The judge overseeing the standoff between the Department of Justice and Philadelphia city officials is expected to rule soon on whether Attorney General Jeff Sessions can withhold grant funding because the city limits cooperation with immigration agents.
And U.S. District Judge Michael Baylson on Thursday clearly indicated where his sympathies lie.
“Your letter is wrong,” said Baylson, referring to a notice Justice officials sent to the city describing how Sessions’ new grant requirements were not being followed. “You don’t pay attention to what’s going on in Philadelphia.”
The court fight between federal and city government emerged after Philadelphia sued the Justice Department in August following new strings Sessions sought to attach to public safety grants administered through the Edward Byrne Memorial Justice Assistance program.
Among the new conditions were that U.S. Immigration and Customs Enforcement officials be given a two-day notice before an immigrant suspected of being in the country illegally is released from local custody. The Trump administration additionally asked that Philadelphia let federal immigration agents have unlimited access to city jails, even though, as Baylson noted, just 17 percent of those in city jails have been convicted of a crime.
Philly limits cooperation with ICE
On the line for the city: $1.6 million in federal support, which city officials say is needed to help Philadelphia police officers fight the opioid crisis by equipping them with the overdose-reversing drug naloxone, also known as Narcan. It’s a tiny chunk of Philadelphia’s $4 billion city budget, but fighting to maintain current protections for immigrants has become an important political battle for Mayor Jim Kenney. City leaders from 23 other jurisdictions, including Pittsburgh and New York, have filed friend of the court briefs to support Philadelphia’s position.
Without ICE agents’ unfettered access to immigrant inmates, DOJ officials contend, violent offenders could be roaming free.
“There are a lot of federal grants with strings attached,” said DOJ lawyer Chad Readler at Thursday’s hearing. “If you don’t like the strings, the city won’t get the grant.”
In Chicago, a federal judge has issued a nationwide block on two of the three new grant conditions, saying federal officials exceeded their authority by imposing the new rules. Justice lawyers are appealing in hopes that the injunction will only apply in Chicago.
Sarah Solow, a private attorney who argued on behalf of the city, told Baylson that justifying the new conditions as legal followed a “tortured reading” of existing laws.
“There’s no authority to do it,” Solow said. “It’s just something the attorney general has put in there.”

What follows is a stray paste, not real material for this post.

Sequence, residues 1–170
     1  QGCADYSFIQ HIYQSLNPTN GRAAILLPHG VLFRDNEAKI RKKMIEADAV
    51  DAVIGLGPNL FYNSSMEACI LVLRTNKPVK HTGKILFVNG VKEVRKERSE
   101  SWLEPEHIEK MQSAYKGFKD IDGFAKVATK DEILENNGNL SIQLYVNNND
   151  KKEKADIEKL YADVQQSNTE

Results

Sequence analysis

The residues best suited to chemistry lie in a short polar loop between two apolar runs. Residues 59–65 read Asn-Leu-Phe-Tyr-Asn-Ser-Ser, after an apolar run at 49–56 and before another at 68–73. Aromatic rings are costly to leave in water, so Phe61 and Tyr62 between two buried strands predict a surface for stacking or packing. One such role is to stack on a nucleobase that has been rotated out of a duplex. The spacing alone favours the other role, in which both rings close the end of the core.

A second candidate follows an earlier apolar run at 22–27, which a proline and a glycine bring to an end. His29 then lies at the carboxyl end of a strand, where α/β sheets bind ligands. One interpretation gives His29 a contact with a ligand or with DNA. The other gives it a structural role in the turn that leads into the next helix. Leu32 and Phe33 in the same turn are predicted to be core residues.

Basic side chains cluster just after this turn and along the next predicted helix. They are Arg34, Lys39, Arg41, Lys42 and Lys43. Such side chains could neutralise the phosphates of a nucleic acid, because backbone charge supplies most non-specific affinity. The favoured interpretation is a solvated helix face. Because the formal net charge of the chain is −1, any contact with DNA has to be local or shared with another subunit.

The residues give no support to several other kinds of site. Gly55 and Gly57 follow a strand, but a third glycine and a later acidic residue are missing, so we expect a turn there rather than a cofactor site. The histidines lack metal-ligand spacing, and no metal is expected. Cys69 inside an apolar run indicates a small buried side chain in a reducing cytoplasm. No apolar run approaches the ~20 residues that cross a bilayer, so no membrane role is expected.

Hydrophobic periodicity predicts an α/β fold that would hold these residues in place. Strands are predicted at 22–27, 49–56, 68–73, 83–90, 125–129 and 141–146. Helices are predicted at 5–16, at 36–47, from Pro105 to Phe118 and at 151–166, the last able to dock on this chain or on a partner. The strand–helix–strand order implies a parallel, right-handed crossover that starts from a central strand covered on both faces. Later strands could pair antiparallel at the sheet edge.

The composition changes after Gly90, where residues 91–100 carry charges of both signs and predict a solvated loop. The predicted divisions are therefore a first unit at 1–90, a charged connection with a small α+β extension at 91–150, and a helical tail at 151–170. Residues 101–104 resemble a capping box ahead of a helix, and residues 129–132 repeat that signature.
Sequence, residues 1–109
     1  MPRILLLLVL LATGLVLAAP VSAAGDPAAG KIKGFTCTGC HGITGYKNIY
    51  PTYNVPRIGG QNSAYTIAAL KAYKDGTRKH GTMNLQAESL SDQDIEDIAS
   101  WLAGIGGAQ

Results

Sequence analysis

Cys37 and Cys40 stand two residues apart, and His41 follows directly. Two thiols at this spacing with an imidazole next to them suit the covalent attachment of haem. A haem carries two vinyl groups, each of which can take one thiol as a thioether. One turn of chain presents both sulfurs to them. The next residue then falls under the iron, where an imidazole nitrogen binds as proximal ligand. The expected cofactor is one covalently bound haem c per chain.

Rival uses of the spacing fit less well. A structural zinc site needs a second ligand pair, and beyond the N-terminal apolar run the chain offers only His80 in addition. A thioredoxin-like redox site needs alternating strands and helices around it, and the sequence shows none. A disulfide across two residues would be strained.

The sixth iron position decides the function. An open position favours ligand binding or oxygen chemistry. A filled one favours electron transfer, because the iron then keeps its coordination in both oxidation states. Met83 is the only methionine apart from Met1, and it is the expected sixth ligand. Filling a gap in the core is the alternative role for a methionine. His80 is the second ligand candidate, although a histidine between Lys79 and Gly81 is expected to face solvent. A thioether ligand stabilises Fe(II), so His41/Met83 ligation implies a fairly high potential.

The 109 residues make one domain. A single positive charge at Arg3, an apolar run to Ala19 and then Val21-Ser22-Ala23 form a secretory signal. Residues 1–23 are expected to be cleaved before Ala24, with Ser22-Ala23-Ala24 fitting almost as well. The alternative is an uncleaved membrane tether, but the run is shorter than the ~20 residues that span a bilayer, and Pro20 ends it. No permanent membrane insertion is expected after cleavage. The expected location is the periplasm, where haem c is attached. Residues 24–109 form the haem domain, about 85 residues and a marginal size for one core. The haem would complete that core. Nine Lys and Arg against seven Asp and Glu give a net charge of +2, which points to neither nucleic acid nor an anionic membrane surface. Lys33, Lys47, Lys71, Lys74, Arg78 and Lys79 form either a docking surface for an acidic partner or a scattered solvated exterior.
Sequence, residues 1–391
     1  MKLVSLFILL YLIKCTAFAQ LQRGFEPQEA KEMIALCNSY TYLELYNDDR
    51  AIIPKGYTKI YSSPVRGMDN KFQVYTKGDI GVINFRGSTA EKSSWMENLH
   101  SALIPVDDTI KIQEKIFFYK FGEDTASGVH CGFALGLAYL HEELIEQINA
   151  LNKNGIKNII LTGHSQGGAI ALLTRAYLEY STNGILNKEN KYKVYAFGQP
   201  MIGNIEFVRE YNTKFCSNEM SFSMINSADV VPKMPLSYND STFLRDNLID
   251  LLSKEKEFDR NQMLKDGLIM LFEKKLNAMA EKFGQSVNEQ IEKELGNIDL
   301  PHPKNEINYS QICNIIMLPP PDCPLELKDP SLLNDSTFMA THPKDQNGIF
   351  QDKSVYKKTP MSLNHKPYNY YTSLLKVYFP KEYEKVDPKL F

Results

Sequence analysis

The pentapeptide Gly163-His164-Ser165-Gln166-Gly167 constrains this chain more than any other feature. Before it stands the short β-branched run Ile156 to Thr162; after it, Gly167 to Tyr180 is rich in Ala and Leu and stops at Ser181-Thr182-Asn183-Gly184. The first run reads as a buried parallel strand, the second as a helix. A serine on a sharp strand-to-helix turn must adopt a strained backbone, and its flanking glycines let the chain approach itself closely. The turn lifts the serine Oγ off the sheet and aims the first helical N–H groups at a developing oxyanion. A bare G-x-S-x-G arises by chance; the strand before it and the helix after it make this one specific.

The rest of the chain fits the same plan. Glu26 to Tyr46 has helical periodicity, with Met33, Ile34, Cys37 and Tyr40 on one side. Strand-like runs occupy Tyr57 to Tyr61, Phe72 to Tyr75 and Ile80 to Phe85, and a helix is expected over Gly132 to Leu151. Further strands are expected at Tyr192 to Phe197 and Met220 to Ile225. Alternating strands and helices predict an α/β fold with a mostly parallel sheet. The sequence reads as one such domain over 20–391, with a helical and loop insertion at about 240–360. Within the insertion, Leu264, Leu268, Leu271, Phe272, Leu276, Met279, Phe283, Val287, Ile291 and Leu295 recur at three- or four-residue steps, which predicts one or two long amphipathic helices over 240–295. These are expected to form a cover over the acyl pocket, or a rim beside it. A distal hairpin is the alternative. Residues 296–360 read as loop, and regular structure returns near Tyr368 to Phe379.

Under city policy, the only time officials hand off someone leaving custody to ICE agents is if the request is accompanied with a arrest warrant signed by a judge, or if the person in question has been convicted of a serious felony.
Since 2015, ICE has asked that city officials detain suspects 140 times, but only four of those requests included a judicial warrant.
The city does not honor ICE agent requests made administratively, or even detainer requests initiated by immigration judges.
Judge: City in ‘substantial compliance’ with DOJ conditions
Baylson said the city’s policy of turning over violent criminals who are in the country illegally to federal immigration officials is proof that the “sanctuary city” label is a “total misnomer.”
It’s something DOJ lawyers strongly dispute, and the government’s crackdown on sanctuary cities is an attempt to allow authorities to investigate not just criminal immigrants, but law-breakers whose violations are technical.
Even though less than 3 percent of the 11 million unauthorized immigrants in the U.S. have committed felonies, the Trump administration has underscored that merely being in the country with lapsed status is illegal.
So all unauthorized people living in the country are potentially “criminal aliens,” according to DOJ officials, who said on Thursday that policies like those found in Philadelphia hamper their investigations.
Baylson said many millions of unauthorized immigrants have just overstayed a visa and that turning them over to ICE would undercut decades-old deportation priorities.
“As far as I can tell, it has never been the policy of the federal government to initiate removal proceedings of visa over-stayers,” Baylson said. “It’s never been enforced since World War II.”
And though DOJ lawyers insisted that the city is blocking access to information about inmates, such as exact release dates, Baylson reminded Readler that “the prison population of Philadelphia is available to ICE day in, day out.”
Last week, Police Commissioner Richard Ross testified that not inquiring about someone’s immigration status assists the city in solving crimes and encourages victims to come forward. And Philadelphia Health Commissioner Tom Farley told the judge that keeping the immigration status of sick people confidential aids public health officials in controlling the spread of disease.
Baylson asked both sides to file supplemental court papers about their legal arguments, yet he was quick to highlight one point about the new grant requirements before leaving the bench.
“The city is in substantial compliance with these conditions,” he said.